Storm Franklin is set to strike the UK only days after Storm Eunice left at least four people dead and 1.4 million homes without power.
Eunice was one of the worst storms to hit the country in decades.
The Met Office said Storm Franklin would land in the early hours of Monday and bring "gale force westerly winds with severe and damaging gusts" and very high seas.
An amber weather warning has been issued for Northern Ireland from midnight until 7am on Monday, with weather warnings also in place for counties on the Republic of Ireland's west coast.
Milder yellow warnings for wind also cover Wales, Northern Ireland and most of England from mid-day on Sunday until 1pm on Monday.
The Met Office said strong winds could cause “travel delays, road and rail closures, power cuts and the potential risk to life and property.”
The UK has been battered by extreme weather over the past week, with successive storms hammering power lines as record winds of up to 196 kilometres per hour swept across Britain. About 83,000 people were still without power on Sunday morning, said the Energy Networks Association.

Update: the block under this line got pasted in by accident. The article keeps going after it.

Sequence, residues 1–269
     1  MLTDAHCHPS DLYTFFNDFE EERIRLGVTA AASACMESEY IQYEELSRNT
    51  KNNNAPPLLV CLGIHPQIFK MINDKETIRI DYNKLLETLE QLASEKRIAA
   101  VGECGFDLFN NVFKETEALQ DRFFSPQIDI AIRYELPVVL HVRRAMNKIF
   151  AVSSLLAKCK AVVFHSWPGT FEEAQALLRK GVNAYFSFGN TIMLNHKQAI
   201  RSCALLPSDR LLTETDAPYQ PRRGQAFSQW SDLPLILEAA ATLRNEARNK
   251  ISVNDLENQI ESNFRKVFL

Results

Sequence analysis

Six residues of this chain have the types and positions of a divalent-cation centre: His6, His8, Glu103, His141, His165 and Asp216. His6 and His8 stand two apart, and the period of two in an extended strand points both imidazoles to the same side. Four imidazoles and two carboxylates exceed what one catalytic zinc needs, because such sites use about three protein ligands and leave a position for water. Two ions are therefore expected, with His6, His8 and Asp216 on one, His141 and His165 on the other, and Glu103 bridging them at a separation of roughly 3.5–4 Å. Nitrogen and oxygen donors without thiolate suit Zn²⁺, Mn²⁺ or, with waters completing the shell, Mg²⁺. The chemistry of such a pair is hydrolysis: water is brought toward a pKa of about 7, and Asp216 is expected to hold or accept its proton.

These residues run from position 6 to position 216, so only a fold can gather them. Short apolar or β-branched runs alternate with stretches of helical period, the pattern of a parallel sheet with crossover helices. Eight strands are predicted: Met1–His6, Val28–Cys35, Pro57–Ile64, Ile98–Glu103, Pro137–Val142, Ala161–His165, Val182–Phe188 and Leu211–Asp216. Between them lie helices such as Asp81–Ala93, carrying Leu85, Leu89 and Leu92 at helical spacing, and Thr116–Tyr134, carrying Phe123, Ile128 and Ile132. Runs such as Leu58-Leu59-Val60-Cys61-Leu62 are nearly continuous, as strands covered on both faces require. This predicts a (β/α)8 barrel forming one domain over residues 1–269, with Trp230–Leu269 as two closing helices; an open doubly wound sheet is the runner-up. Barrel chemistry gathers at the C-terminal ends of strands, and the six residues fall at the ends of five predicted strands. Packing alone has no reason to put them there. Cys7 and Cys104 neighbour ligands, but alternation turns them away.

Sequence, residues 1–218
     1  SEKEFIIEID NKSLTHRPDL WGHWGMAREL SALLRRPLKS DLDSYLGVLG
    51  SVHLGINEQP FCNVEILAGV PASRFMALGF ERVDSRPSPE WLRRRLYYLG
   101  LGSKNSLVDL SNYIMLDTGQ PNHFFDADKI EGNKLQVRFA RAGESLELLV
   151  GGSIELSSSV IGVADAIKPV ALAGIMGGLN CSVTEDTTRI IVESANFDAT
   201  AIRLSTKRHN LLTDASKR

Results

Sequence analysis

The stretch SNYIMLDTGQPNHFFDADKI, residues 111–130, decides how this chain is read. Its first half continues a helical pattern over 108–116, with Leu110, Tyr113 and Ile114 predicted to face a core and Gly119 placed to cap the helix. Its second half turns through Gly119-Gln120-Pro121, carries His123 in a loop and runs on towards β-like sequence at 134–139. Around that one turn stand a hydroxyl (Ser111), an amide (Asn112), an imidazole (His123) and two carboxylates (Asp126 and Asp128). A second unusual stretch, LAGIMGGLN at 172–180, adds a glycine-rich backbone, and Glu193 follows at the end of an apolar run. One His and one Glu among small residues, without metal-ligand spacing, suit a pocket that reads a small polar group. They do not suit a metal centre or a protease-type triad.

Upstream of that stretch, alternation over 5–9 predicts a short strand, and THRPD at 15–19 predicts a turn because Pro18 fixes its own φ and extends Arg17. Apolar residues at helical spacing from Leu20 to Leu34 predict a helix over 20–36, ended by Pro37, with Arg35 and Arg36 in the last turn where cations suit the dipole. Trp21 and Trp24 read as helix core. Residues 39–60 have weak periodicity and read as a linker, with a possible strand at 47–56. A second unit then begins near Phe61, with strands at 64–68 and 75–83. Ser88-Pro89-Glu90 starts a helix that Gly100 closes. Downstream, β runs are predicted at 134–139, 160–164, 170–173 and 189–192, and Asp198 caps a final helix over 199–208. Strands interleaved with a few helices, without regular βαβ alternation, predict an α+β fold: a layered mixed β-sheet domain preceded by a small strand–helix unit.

Thousands were knocked off the grid in the north of England when Storm Dudley, the first of two storms this week, landed in Britain on Wednesday with gale-force winds of more than 120kph. On Friday, the country braced itself for an even fiercer Atlantic storm that prompted a rare Red ‘danger to life’ warning in London, with residents told to ‘stay at home’ and many flights grounded.
Meteorologist Becky Mitchell said this is the first time the national forecaster has recorded three major storms in such quick succession since the naming system was introduced seven years ago.
“At the moment we’ve got a really active jet stream, which is why we’re seeing so many storms track right towards the UK,” she said.
Environment agencies have also issued hundreds of alerts for flooding across the UK.
The Environment Agency has issued 44 flood warnings where “flooding is likely” for areas mainly in the north and west of England, and 117 alerts where “flooding is possible” for the north-western half of the UK, London and the south coast.